Director Peter Berg sure does fancy his modern day war themed films. And why wouldn’t he? Barring Battleship, he has a knack for these heart-felt but hard-hitting and gritty stories. His true talent seems to be in these dense fish-out-of-water narratives focusing on a few key players set in a world they struggle to comprehend. With many parallels to his 2007 film The Kingdom, Lone Survivor, whether or not it was a true story (which it is), is a passion project for Berg and can almost be viewed as a companion piece.
Lone Survivor, adapted from a novel of the same name (keeping the name of the book is a little spoilery), is an extremely gritty and highly bombastic film. It tells the unbelievable tale of 4 Navy SEALs who were sent into Afghanistan to take down a Taliban leader. What transpired over the course of 3 days is an amazing testament to the human spirit but more it’s about the brotherhood that exists between the most elitist of U.S. Armed Forces. Early on we get some down time with stars Taylor Kitsch, Mark Wahlberg, Emile Hirsch and Ben Foster to see them interact with each other and, via email and web chat, their families. That’s all well and good, but it’s their unflinching efforts to keep each other safe in the most furious of firefights that really sells their conviction.
Nothing is routine about what these guys do. When their cover is compromised, and the Taliban is made aware of their position, the SEALs’ main objective is to simply survive the 200 odd soldiers headed their way. Like the best thrillers, things continually go bad for the SEALs, who are relentlessly hunted in the mountains of Afghanistan. While a lot of movies make you feel like you’re there, Berg quite literally puts you front and center with these four heroes. Either you’re pressed firmly to the butt of a rifle, or you’re on the dangerous end of it. You really get that close and we are meant to feel every bump, bruise and bullet wound inflicted on the servicemen…every single one.
Kitch is surprisingly great, Foster never doesn’t give a role his all and Wahlberg surprisingly steps up his game but the films is more than the sum of their efforts. It’s the cinematography that drives the story but beyond that the unsung heroes of Lone Survivor are its team of stuntmen and the wonderful makeup/special effects (from industry legend Greg Nicotero, no less) that bring it all home. Nicotero’s makeup shows the progression of wounds (getting swollen, turning colors) as opposed someone getting a black eye that stays the same.
In a way, knowing this is Nicotero’s work, you have to expect that when someone dies, the makeup is so gorily good that you half expect them to come back as a zombie (little Walking Dead humor, folks). Similarly, when these guys come tumbling down the mountain, they hit rocks, and lots of them. Between whizzing bullets and bones on boulders, it seems the sound design team did most of the heavy lifting. Not surprising though, because if you look back to Peter Berg’s 2003 film The Rundown, he knows how to make the audience feel what the actors feel.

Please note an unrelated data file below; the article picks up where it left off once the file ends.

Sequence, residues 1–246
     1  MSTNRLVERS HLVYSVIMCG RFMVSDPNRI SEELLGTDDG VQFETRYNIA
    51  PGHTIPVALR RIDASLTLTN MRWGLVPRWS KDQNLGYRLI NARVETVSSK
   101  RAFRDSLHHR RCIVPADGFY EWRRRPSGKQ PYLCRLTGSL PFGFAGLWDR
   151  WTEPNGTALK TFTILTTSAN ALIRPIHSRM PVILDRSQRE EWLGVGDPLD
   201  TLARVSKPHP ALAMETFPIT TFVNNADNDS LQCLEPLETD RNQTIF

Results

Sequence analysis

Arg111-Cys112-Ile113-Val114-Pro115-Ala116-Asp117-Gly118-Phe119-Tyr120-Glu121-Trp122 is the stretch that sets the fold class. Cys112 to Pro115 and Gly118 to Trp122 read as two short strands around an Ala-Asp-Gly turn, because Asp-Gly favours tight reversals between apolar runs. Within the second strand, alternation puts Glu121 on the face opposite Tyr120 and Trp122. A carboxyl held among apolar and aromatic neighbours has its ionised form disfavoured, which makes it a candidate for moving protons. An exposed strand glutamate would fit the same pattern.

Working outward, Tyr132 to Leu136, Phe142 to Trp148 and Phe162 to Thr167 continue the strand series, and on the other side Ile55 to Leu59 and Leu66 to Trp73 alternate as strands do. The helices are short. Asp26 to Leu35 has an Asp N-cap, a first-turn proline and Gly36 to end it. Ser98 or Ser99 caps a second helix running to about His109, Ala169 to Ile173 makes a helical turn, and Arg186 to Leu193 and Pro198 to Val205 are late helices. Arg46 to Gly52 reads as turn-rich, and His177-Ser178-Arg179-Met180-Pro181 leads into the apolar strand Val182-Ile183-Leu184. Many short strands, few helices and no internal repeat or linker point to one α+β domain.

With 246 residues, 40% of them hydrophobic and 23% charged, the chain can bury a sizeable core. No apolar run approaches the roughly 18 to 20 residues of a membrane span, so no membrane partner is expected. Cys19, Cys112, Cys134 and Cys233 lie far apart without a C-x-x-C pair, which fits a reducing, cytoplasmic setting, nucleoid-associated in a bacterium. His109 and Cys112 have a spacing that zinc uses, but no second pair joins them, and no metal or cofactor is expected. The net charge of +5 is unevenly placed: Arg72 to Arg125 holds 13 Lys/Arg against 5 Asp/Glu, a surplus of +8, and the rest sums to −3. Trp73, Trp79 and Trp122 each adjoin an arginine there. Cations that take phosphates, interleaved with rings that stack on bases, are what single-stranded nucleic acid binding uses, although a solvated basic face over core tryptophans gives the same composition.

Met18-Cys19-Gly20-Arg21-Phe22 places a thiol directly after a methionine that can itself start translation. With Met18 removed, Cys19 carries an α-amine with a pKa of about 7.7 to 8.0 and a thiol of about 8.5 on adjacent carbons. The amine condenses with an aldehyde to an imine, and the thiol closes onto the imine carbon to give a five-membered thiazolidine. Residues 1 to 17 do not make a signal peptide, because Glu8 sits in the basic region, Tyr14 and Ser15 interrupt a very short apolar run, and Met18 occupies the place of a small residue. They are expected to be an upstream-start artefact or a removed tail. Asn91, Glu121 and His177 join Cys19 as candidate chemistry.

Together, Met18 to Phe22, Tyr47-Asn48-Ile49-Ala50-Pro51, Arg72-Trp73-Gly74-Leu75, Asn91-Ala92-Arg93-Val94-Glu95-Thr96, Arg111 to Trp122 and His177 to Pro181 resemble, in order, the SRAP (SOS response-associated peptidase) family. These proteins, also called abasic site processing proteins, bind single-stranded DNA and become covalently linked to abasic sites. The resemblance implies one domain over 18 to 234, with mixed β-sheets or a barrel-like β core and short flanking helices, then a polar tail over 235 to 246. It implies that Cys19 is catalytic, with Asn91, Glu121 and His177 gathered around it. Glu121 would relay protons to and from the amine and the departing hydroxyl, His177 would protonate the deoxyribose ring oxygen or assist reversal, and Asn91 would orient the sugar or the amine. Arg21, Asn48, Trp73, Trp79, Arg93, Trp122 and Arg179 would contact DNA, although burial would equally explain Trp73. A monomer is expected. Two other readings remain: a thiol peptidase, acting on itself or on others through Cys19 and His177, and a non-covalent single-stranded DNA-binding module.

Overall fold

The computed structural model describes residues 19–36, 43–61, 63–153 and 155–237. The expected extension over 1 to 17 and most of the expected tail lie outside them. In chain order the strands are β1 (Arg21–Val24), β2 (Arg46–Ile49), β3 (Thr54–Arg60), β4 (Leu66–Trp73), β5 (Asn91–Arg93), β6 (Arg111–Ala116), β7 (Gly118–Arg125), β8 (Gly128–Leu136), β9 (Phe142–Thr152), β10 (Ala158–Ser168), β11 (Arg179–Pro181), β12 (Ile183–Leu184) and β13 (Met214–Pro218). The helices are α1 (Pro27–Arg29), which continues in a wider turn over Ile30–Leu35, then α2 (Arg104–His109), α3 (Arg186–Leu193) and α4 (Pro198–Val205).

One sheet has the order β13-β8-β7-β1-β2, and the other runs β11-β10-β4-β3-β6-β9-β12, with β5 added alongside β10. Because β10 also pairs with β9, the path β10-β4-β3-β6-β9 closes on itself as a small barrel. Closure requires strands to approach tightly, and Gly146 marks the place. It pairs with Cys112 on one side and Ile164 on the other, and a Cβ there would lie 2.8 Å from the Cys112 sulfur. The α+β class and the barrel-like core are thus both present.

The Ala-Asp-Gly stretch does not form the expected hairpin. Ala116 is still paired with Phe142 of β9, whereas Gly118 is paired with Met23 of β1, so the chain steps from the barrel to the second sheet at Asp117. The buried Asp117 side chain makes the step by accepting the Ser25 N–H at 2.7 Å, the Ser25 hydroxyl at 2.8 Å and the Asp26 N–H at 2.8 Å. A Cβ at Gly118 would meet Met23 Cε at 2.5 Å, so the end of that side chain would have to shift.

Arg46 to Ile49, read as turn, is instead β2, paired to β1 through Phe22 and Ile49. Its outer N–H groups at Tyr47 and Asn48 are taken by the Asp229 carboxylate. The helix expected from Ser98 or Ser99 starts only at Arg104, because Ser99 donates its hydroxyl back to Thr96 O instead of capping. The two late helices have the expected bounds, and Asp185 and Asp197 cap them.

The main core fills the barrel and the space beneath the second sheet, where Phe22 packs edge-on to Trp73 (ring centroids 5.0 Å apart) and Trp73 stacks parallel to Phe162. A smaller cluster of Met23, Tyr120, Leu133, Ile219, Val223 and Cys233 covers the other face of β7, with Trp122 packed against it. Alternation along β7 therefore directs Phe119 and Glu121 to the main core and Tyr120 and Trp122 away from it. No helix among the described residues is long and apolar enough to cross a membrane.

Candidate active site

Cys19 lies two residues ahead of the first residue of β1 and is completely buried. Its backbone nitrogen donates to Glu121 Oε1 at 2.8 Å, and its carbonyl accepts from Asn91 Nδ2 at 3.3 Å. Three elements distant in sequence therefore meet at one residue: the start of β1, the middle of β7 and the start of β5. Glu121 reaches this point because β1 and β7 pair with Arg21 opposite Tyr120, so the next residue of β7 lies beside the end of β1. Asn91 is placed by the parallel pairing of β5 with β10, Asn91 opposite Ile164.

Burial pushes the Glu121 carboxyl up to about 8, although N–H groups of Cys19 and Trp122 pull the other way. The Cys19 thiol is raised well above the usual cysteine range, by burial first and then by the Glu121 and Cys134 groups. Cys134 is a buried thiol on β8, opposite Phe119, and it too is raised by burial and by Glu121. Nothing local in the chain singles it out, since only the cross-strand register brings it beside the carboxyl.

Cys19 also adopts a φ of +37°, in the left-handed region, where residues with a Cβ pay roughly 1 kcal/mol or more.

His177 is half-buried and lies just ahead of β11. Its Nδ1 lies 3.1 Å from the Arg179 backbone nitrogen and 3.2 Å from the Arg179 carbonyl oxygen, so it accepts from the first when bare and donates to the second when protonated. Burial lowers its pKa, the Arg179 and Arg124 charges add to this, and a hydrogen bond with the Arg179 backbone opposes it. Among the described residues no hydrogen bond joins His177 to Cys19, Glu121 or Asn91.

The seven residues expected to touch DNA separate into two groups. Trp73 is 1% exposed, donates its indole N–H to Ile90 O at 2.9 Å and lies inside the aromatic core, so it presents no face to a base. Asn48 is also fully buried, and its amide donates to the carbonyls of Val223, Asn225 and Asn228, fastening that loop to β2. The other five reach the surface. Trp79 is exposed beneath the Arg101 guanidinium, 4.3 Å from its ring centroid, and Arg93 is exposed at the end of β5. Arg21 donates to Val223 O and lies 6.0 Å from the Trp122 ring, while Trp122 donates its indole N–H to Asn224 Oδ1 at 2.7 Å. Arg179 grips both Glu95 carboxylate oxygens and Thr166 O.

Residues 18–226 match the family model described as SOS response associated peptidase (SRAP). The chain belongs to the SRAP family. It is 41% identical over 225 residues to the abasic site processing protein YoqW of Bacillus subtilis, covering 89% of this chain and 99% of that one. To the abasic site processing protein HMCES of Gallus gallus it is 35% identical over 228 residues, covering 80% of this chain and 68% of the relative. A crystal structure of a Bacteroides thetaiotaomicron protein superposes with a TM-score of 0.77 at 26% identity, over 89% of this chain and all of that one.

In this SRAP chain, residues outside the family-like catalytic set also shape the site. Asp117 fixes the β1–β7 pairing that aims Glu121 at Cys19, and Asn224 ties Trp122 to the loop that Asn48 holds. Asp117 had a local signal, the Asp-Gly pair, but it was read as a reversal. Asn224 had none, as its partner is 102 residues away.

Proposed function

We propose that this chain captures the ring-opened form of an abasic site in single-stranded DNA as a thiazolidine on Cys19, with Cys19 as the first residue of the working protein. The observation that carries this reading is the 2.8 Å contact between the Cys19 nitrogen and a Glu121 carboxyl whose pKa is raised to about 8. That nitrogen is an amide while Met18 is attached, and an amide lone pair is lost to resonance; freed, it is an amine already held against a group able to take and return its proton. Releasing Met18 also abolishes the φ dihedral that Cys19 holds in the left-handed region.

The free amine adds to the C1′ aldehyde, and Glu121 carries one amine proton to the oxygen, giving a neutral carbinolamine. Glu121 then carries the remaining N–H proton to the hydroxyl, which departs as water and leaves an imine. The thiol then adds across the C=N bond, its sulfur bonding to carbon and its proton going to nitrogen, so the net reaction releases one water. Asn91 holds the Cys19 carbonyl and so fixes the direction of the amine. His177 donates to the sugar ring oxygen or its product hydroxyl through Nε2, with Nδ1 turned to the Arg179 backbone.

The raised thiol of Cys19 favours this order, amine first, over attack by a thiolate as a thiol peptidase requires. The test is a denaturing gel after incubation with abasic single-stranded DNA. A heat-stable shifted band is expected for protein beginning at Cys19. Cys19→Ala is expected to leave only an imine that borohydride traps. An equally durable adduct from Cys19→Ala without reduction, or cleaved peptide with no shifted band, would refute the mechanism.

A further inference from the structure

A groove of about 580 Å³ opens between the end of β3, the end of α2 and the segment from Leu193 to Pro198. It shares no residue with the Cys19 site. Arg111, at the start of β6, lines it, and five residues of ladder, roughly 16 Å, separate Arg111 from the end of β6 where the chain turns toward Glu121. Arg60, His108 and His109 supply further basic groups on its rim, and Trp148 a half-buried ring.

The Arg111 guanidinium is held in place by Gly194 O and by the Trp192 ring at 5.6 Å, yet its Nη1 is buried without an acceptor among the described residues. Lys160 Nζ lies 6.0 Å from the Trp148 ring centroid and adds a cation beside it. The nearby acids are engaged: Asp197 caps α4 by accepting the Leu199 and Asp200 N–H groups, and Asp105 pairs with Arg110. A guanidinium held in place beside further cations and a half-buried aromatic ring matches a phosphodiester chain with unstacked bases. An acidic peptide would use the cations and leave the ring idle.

Berg tries not to paint the SEALs as superheroes but it’s kind of hard not to knowing what they suffered. Though half of it is combat-free, Berg’s film is simultaneously the swiftest and yet longest endurance run as we are on the front line with these for servicemen, and half of it is before the action and top-notch gun play even start. Wise movie is that he asks composer Steve Jablosnky and band Explosions in the Sky (who seem to do more in the music dept) to reign in anything that sounds really triumphant.
In fact the music is almost as non-existent as the help that the SEALs get running through the Afghani countryside. Make no mistake, Lone Survivor is a fine film and is Peter Berg’s best to date. Again the fact that it’s true makes it that much more impressive. Though you may never have heard the names Marcus Luttrell, Michael Murphy, Danny Dietz or Matt ‘Axe’ Axelson, you’ll fear for them, (emotionally and physically) when bullets start spraying and the SEALs are, quite literally, rolling down the mountains.
If the film suffers in any way, it’s that you feel for the SEALs but they’re still not memorable. In that respect the story feels a bit rushed and hollow. But part of this is because there isn’t sufficient time to make the SEALs endearing. Admirable yes, and worthy of praise, but not endearing. It’s an impressive presentation, and while it fails to make a deeper connection than the surface level psychological/personal chaos, it is really a film about four guys running for their lives. You ever ask a sprinter, or better someone in car crash what they saw for the duration of their adrenaline-fueled experience? It’s tunnel vision all the way to the end even for these guys who are highly trained soldiers. That’s what the movie delivers, and if there’s not a lot of details (besides the life-threatening white spots) remembered at the end, that may very well be point.